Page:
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The Independent Critic

Landon Beard, Eric Moyer, Lillian Bornstein
Peter O'Brien
101 Mins.

 "Running Through Darkness" Set to Premiere at Prairie Lights 
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Writer/director Peter O'Brien's Running Through Darkness tries hard to tell an original tale, the tale an ordinary guy, Calvin (Landon Beard), who discovers the beaten and left for dead body of former college crush Robin (Lillian Bornstein) while out for a morning run and quickly gets drawn into her dark and dangerous world that includes one not so ordinary guy named Karl (Eric Moyer). 

Karl's an impulsive sort, the kind of guy who doesn't take kindly to getting crossed and the kind of guy who's just paranoid enough to catch on quickly that Calvin has ill-advisedly agreed to Robin's request for assisted revenge. When his father (Corkey Ford, Platoon and Born on the Fourth of July) pays a well-timed visit, Calvin's renewed sense of optimism and determination to turn away from both Robin and Karl is met with the kind of swift brutality that makes it clear that the only way he's going to get back into the light is to go Running Through Darkness. 

Currently scheduled for its world premiere at Nebraska's Prairie Lights Film Festival, though that is subject to change, Running Through Darkness is a low-budget crime drama/thriller that pretty much fits the bill for what you've come to expect from a low-budget drama/thriller on the microcinema scene. 

Mark Thimijan's lensing is the true stand-out here, vacillating between moments of vulnerability and menace and expertly toying with the film's real and imagined shadows. Thimijan, whose directorial work has been reviewed here before at The Independent Critic, builds the tension and keeps it amping up throughout the film.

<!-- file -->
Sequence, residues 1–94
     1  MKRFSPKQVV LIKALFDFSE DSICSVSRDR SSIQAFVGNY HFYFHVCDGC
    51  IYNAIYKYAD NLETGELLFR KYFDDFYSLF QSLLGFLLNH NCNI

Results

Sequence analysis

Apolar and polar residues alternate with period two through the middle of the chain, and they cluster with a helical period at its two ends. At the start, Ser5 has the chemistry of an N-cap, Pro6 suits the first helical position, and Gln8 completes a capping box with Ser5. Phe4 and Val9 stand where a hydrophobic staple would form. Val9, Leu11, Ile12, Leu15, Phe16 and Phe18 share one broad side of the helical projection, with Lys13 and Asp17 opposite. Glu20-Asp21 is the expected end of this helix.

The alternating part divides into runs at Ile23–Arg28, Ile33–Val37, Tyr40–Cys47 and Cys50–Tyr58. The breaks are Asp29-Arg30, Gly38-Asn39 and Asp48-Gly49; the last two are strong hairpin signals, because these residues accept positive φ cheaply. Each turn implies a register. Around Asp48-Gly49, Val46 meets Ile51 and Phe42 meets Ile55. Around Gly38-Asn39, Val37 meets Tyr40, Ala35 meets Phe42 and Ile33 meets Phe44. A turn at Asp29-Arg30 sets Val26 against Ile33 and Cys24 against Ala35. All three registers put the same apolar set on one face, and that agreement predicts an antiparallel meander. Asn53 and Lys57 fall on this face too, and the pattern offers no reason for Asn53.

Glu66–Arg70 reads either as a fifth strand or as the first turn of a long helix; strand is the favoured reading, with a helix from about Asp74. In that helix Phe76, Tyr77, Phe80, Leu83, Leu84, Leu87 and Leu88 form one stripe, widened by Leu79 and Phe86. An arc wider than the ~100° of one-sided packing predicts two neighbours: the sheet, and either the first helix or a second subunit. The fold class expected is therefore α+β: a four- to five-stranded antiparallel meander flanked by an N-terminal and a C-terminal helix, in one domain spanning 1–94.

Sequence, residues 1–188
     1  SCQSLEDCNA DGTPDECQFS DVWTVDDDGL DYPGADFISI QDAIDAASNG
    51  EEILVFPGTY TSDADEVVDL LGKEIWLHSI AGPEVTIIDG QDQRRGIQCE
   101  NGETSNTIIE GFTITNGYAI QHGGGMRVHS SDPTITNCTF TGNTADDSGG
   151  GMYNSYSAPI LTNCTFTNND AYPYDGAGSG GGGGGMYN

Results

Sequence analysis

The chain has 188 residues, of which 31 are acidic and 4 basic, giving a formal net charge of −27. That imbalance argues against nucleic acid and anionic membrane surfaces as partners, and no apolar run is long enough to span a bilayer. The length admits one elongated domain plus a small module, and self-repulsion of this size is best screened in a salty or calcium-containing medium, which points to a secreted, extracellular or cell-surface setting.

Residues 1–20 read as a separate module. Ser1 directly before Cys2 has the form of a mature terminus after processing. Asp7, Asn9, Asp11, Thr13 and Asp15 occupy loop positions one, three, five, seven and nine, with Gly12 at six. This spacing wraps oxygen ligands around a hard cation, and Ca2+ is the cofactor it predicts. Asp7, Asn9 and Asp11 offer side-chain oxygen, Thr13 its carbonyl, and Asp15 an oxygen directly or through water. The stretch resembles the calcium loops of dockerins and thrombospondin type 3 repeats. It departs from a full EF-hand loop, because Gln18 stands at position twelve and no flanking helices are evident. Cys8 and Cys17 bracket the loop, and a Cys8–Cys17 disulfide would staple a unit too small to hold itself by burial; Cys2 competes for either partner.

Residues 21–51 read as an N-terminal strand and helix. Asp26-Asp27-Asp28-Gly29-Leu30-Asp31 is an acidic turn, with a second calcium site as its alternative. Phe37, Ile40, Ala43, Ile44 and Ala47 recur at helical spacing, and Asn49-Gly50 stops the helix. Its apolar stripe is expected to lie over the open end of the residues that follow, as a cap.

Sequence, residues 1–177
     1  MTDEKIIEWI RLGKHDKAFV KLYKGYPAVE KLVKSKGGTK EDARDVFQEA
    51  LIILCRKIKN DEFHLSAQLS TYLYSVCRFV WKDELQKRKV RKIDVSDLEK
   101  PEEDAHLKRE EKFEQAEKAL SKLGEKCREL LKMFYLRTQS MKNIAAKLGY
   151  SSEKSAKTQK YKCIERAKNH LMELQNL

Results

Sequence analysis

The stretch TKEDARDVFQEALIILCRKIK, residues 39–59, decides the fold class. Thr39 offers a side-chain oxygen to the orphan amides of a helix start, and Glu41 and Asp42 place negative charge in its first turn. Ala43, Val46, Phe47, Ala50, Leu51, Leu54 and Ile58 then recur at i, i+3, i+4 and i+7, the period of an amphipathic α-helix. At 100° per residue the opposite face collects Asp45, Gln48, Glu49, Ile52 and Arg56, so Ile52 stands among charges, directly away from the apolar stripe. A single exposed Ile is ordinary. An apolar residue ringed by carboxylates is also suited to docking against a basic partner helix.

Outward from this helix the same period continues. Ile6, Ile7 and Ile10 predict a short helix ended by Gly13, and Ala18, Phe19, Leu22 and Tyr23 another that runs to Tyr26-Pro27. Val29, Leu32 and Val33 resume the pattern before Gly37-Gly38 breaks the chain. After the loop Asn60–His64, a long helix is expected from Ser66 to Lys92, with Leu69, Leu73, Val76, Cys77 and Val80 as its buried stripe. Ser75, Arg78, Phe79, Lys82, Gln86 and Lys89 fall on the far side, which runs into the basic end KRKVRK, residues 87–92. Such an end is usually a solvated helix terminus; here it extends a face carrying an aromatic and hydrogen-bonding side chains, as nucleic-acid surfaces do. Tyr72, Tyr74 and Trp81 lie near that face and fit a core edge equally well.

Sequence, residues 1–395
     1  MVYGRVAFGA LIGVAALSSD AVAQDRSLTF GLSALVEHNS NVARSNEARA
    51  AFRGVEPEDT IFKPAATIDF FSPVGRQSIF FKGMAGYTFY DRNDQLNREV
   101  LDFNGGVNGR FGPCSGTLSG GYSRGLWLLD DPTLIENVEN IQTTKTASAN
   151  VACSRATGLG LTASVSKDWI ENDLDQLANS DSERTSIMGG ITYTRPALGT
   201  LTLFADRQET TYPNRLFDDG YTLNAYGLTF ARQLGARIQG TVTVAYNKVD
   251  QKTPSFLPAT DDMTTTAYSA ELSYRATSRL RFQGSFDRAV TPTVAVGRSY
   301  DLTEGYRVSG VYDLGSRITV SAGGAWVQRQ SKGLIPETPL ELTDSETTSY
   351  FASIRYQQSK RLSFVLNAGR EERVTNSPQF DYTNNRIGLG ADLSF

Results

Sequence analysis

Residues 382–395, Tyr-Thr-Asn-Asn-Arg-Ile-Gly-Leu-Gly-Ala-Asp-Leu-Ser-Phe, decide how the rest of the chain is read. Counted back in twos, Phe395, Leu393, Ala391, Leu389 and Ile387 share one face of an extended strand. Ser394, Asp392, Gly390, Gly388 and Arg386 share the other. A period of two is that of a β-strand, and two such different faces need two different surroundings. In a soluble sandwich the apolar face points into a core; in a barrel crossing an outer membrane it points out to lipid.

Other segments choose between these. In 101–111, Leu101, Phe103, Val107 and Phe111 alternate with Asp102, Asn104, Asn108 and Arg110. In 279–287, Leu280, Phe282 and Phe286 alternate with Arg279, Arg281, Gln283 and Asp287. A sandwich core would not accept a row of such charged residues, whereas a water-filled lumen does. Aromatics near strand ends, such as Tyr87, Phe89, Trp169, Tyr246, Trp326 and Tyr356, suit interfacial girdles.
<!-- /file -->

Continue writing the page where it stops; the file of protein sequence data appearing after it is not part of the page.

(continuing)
As is nearly always expected with low-budget cinema, the film's sound mix is definitely hit-and-miss and at times serves to hinder the the film's dramatic moments. In a time when the digital age has made filmmaking accessible even for those on the smallest of budgets, it's hard not to lament that the audio world has yet to catch up. 

The ensemble cast for Running Through Darkness is mostly effective in telling O'Brien's story. The cast, which seems to be comprised of those primarily with stage backgrounds, grasps onto the complexities in the relationships between the characters and they play those little nuances for all they're worth. It's fun to watch even in those moments when we never quite hit the dramatic heights one would like to see in a cinematic effort. 

Running Through Darkness will most please experienced moviegoers able to dial expectations away from the multiplex and firmly plant themselves in the world of the low-budget, indie filmmaker. It's not a perfect film, but it's a perfectly good film to watch and I look forward to seeing where O'Brien is able to take it on the festival circuit. For more information on the film, visit its official website linked to in the credits. 

© Written by Richard Propes
The Independent Critic